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|Title:||Let There Be Liberty (Macmillan War Pamphlets #1)|
|Publisher:||Macmillan & Co., Ltd|
|Tags:||non-fiction, speech, war|
Freedom, it has been said, is so much a part of the air we breathe that we hardly notice it; or as Mr. Herbert puts it "our liberties are like our teeth. We forget the very existence of our teeth until we have toothache." So in this address he reminds us of what our liberties really mean: the reality behind the well-worn phrases, Free Parliament, Free Press, Free Speech, Free Worship. He defends Parliament against its critics in the Press, and he defends the Press against its critics in Parliament: he shows how we have carried the principles of our justice across the world and tells how an African witch doctor's judgment was reviewed and upheld by the Judicial Committee of the Privy Council and an obscure subject in Ceylon was able to appeal successfully against the Governor's decision on the ground of promises made at Runnymede seven hundred years ago.--intro. [Suggest a different description.]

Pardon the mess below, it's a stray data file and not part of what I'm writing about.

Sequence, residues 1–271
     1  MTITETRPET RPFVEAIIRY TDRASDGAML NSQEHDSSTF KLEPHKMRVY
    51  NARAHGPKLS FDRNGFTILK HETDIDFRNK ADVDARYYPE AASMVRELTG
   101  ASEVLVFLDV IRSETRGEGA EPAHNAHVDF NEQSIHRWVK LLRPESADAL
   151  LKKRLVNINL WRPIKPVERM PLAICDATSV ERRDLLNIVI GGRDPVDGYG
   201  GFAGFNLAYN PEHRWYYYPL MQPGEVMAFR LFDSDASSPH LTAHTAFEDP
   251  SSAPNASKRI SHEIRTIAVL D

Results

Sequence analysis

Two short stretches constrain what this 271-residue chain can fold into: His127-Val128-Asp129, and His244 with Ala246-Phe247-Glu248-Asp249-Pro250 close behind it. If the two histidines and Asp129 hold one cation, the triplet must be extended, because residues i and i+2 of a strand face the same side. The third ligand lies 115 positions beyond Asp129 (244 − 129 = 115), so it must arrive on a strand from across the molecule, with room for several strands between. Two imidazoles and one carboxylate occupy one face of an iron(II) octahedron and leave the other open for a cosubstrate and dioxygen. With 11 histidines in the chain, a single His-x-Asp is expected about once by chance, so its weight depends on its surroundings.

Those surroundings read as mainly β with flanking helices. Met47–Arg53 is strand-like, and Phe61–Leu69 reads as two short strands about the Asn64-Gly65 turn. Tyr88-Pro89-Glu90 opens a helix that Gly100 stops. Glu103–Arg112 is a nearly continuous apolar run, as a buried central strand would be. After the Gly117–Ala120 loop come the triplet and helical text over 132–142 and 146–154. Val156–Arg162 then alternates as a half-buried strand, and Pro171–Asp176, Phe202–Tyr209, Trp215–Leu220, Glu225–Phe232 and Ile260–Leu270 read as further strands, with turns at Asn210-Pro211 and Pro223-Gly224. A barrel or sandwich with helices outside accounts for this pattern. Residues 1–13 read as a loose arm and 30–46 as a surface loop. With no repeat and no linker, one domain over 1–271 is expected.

Author Bio for Herbert, A. P. (Alan Patrick)
Humorist, novelist, soldier, playwright, law reformer, member of Parliament for Oxford A. P. (Alan Patrick) Herbert was born on September 23, 1890 in Ashtead, Surrey. In 1910, he started contributing to the humour magazine Punch and attending Oxford. In 1914, he finished with a degree in jurisprudence, World War I started, and he got engaged. He fought at Gallipoli and the Western Front. On leave after being wounded, he wrote in a few weeks his novel The Secret Battle, a chronicle of the stress of life on the front line, which was published in 1919. Also in 1919, he was called to the Bar (qualified) but never practiced law. In 1924, he joined the staff of Punch and in 1926 saw his first play produced. Almost incidentally, he stood for Parliament in the general election of 1935, and won. He served for 15 years. George Orwell (Eric Arthur Blair) described Herbert as a neo-Tory. Churchill liked him, but Herbert declined a post in his war cabinet, preferring to serve along the Thames he so loved and where he lived. He died on November 11, 1971 in London.
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